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Re: Schema Design: Composition vs Subclassing

From: Jeni Tennison <jeni@jenitennison.com>
Date: Mon, 15 Apr 2002 16:15:40 +0100
Message-ID: <681150918012.20020415161540@jenitennison.com>
To: "Roger L. Costello" <costello@mitre.org>
CC: xmlschema-dev@w3.org, paul.w.daisey@census.gov, Simon.Cox@csiro.au

>> I think that design-by-subclassing has one killer advantage, namely
>> that applications can use information about the type hierarchy in
>> order to provide common processing for all elements of a particular
>> (high level) type.
> My response to this is to quote from the Design Patterns book by
> Gamma et al: "Delegation is a way of making composition as powerful
> for reuse as inheritance. In delegation, two objects are involved in
> handling a request: a receiving object delegates operations to its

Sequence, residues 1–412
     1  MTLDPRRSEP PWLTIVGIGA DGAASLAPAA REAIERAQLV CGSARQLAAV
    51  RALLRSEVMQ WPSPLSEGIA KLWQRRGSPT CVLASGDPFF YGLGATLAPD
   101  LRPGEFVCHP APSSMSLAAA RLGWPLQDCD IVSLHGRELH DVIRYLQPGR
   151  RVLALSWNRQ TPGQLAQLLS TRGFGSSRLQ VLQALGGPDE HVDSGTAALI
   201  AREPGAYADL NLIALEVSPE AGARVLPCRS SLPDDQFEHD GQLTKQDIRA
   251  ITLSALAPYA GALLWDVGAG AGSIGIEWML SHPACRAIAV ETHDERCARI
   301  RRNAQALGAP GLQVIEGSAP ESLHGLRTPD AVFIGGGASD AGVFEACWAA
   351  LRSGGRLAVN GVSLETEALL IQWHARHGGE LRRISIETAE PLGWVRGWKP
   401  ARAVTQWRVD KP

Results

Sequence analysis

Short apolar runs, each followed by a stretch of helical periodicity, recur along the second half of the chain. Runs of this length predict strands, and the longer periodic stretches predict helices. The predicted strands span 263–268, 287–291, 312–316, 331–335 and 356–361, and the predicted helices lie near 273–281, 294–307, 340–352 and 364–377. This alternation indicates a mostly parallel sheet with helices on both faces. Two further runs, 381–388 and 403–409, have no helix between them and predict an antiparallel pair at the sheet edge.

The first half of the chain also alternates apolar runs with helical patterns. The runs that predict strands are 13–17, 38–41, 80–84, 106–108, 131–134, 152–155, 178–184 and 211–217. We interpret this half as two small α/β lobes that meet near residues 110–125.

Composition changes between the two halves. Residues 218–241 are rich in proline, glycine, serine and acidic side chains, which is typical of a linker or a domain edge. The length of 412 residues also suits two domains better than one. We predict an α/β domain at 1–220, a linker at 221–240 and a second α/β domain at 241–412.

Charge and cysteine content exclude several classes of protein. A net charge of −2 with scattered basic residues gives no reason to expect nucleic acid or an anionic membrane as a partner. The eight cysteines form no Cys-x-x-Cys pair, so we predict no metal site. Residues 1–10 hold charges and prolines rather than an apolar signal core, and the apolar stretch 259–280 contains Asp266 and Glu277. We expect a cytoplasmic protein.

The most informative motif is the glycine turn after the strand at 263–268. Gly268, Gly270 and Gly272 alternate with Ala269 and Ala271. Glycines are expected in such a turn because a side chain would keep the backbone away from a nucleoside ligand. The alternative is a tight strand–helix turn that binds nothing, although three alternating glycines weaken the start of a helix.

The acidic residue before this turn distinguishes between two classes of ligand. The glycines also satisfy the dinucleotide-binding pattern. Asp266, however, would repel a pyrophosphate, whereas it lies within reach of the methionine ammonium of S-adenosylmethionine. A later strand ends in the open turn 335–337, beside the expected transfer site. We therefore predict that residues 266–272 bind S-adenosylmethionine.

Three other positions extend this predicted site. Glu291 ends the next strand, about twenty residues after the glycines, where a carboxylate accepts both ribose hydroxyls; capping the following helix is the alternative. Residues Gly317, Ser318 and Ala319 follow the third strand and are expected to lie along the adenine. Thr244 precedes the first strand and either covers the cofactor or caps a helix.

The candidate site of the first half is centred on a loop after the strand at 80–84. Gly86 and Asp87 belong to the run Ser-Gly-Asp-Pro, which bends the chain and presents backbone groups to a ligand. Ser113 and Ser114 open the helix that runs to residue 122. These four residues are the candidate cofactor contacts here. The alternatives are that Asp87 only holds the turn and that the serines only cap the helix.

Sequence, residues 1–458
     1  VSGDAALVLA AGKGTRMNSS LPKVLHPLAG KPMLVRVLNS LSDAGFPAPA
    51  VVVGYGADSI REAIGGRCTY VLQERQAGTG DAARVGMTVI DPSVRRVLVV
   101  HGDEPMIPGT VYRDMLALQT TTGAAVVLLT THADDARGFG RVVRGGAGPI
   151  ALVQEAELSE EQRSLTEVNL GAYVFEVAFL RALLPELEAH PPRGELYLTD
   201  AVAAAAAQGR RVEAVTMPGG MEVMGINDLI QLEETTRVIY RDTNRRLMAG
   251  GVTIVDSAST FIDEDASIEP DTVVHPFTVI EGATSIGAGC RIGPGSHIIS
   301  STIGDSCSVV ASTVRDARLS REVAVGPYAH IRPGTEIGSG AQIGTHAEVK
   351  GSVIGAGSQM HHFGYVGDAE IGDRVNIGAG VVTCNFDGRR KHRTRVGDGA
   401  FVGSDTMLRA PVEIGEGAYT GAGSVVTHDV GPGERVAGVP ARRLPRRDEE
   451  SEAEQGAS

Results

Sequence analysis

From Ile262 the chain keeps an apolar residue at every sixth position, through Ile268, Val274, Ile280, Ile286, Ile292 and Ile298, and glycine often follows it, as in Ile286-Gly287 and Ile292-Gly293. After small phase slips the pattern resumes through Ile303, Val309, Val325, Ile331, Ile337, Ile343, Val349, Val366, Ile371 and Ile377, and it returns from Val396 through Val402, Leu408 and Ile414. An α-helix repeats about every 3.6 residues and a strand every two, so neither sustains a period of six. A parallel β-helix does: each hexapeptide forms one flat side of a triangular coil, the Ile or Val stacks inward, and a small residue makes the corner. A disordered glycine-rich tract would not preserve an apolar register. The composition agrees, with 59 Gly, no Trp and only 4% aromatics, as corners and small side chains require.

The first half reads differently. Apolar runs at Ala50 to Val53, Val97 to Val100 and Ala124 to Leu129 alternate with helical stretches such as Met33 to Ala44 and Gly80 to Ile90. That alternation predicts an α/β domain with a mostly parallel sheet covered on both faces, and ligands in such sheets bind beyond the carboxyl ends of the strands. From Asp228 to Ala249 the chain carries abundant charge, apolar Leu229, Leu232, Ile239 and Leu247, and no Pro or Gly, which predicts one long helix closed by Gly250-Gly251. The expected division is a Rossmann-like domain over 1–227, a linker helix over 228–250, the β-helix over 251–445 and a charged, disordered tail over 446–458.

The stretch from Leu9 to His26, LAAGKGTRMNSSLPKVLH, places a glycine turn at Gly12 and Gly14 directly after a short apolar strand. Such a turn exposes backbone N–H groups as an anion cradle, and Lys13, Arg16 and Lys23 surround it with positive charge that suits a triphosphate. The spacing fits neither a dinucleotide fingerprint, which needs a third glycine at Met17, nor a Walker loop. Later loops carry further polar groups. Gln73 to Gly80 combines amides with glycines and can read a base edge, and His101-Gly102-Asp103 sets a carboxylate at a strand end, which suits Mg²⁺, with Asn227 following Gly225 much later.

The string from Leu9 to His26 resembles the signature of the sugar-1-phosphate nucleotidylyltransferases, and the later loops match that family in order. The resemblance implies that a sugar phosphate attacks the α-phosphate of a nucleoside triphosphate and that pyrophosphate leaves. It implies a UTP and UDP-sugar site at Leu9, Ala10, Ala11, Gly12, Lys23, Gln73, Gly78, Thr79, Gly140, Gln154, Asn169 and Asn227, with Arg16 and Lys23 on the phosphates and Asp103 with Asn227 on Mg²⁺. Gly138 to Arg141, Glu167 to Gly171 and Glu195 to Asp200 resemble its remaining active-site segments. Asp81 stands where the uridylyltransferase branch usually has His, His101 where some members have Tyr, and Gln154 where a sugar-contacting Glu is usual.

> delegate. This is analogous to subclasses deferring requests to
> parent classes."

Could you expand on how you see Delegation being used within an XML
Schema such that an application can take advantage of it in the same
way as it could were the type hierarchy used?

For example, given the Camera type hierarchy described in your web
page, I could (eventually, come XSLT 2.0) do:

<xsl:template match="*[type() = 'Camera']">
  ... do some processing common to all cameras ...

How do you see the Delegation pattern helping here?



Jeni Tennison
Received on Monday, 15 April 2002 11:15:42 UTC

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